Style: instrumental, hard rock, heavy metal
Members: J.D. Bradshaw ~ guitars/bass
David Parks ~ drums
Instrumental albums are always a bit of a challenge for the listener because, if not more than any other album, they are sticklers for my old rule of thumb that one should listen to an album at least twice before commenting on it ... something a lot of reviewers don't do, by the way. On first listen you get the initial impact, while discovering if it does/does not meet your expectations, while the second listen is where you start to hear the subtlety & the album as it really is. Sometimes it might even sound like a different album. The shock of the impact of the first listen is full of judgments about whether the album is good or bad that are often more reflective of one's opinions/expectations than the music itself. Instrumental guitar albums, whether Steve Vai or Jeff Beck or Charlie Christian or Pepe Romero, might be more difficult in some ways as one is apt to hear, in the first listen, just standard riffing & naught else, particularly if the guitarist uses the same tone throughout the album, that leads to an unflattering conclusion. While its generally easy to play a solo, or some semblance of, it's difficult to make that solo melodically go somewhere, while even the greatest guitar players get lost in the technical aspects of playing & minutes later are still at homebase having shown off everything they can do with all the fireworks without actually playing anything. Plus, guitar riffing has the most stringent judge - does it make the listener want to play air guitar to it? By the title of his album alone rock guitarist JD Bradshaw is setting his listener up for a musical challenge & he surely knows it. He also knows that if one does meet the air guitar challenge it'll be a Rock Band-esque workout for the fingers ... guitar aerobics plus. Bradshaw, as a guitar teacher, knows that playing guitar is more than just creating sounds but actually going somewhere & thus makes that the theme of his fourth release, also demonstrated by the thematically titled tracks "High On The Inside", "Quarter Mile Fix", "Blacktop Fade" & "Thrill Of The Chase". With fairly basic rhythms providing a distractionless foundation for his playing, Bradshaw lets the notes rip with fires blazing in the mold of Vai, Satriani & others of that ilk. Some like to erroneously label this the Berkeley School of playing due to its heavy handed approach that pulls together both rhythm & lead playing seemingly into the same riff for something that might be a flash of notes up & down the fretboard but at the same time has some melodic structure that makes it more than just a long solo. Though, on first listen, the listener might only hear one long solo. I'll confess I was fooled & failed the challenge. Bradshaw opens with fireworks crackling on "High On The Inside" & what happened is that I heard the same fireworks on the following three songs. But, on repeated listens I realized that while the first fireworks might be made in China featuring dragons & planet shapes in quick bright bursts, the following are handmade Cherokee fireworks that crackle lightly then shimmer slowly. What I didn't hear on that first listen is just how different & even at times ballady the other songs on the album are compared to the opener. They also have much more intricate rhythms ... though the repetative rhythm section is probably the greatest weakness of the album as at times I want the rest of the music to equal the guitar playing but the rhythm just doesn't have the same level of dynamics & ends up more becoming a backing track than a union at moments. "Blacktop Fade" with long notes in the solo, a decent bassline & a reverb heavy rhythm comes the closest to fixing this. On second listen one hears much more textured guitar playing, Steve Vai fans ears up, though one should give it an undistracted listen to see how Bradshaw manages to flawlessly weave between rhythms, melodies & solos. Waiting At The Finish Line might be a game of speed but at the same time the key is in the waiting. No matter how fast a runner goes one still has to wait & there's plenty to enjoy in this lull, though one is tempted to picture what the big crossing will look like missing the lull. I imaged I heard the crossing with the first song & missed the waiting time ... when everyone knows that the its common for runners to burst out fast & then slow down for the long haul.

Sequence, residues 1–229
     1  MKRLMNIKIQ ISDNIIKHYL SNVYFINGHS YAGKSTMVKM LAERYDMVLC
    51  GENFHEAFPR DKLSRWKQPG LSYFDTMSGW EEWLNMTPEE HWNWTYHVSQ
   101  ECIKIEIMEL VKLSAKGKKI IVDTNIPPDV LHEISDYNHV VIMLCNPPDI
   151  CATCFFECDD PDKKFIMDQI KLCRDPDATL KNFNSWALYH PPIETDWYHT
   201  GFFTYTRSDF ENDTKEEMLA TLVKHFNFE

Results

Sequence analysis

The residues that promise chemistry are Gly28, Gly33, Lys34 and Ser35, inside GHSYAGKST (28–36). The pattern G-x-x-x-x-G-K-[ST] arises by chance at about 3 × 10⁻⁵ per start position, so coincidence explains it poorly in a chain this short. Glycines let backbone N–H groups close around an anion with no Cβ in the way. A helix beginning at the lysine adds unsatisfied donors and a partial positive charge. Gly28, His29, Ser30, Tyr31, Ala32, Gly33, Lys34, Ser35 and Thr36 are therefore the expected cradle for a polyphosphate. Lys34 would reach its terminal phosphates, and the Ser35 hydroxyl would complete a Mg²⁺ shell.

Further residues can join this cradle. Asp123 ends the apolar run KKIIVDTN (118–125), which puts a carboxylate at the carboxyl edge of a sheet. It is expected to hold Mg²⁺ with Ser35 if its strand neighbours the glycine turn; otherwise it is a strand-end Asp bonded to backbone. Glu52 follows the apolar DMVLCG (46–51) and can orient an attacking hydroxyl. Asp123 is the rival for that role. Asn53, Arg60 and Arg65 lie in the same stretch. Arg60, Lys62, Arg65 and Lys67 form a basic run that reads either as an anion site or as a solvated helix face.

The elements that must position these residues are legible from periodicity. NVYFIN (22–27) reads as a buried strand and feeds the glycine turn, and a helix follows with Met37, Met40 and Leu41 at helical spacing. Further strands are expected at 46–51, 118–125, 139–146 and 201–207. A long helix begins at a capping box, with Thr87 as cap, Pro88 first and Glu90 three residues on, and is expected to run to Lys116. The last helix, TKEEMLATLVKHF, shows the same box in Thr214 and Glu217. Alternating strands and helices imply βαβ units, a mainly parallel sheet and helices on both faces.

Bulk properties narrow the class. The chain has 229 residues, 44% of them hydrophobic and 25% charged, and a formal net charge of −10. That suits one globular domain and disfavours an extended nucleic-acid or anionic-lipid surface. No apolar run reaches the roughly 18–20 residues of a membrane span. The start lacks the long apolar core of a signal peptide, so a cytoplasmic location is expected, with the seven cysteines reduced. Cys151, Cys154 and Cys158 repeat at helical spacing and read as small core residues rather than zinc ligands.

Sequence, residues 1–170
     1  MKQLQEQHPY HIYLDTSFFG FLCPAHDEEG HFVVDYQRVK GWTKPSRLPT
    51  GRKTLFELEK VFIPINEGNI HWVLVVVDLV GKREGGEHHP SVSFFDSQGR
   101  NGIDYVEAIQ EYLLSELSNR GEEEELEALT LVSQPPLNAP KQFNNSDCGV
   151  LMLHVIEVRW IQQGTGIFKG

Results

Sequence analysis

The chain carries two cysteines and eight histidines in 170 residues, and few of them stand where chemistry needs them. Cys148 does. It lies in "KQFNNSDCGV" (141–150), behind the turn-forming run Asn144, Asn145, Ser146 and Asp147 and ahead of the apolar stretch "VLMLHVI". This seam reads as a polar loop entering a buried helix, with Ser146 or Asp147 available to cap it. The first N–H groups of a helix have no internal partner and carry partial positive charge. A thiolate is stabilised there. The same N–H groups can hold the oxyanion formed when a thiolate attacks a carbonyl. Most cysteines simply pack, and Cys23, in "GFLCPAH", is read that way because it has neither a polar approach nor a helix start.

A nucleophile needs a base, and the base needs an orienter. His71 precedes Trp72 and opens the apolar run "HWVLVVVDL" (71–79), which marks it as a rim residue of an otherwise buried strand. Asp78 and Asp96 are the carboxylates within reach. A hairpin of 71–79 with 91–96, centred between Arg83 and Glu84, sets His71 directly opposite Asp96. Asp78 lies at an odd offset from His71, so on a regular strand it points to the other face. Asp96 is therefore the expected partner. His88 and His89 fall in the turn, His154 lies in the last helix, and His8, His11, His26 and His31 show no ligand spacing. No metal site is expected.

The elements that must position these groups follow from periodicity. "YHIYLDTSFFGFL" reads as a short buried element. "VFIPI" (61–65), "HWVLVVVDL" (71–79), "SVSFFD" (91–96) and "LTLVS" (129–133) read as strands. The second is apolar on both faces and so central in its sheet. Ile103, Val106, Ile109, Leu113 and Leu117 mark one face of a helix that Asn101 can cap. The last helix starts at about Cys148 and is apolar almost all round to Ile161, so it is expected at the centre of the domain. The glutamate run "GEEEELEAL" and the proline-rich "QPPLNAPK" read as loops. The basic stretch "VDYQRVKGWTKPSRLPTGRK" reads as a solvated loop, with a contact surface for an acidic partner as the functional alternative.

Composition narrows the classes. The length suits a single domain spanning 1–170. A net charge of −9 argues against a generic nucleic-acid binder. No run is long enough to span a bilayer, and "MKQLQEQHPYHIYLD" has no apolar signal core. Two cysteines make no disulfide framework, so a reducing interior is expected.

(featured on the Roman Midnight Music Podcast: episode 33 "Interview: J.D. Bradshaw," October 2011, click here to listen)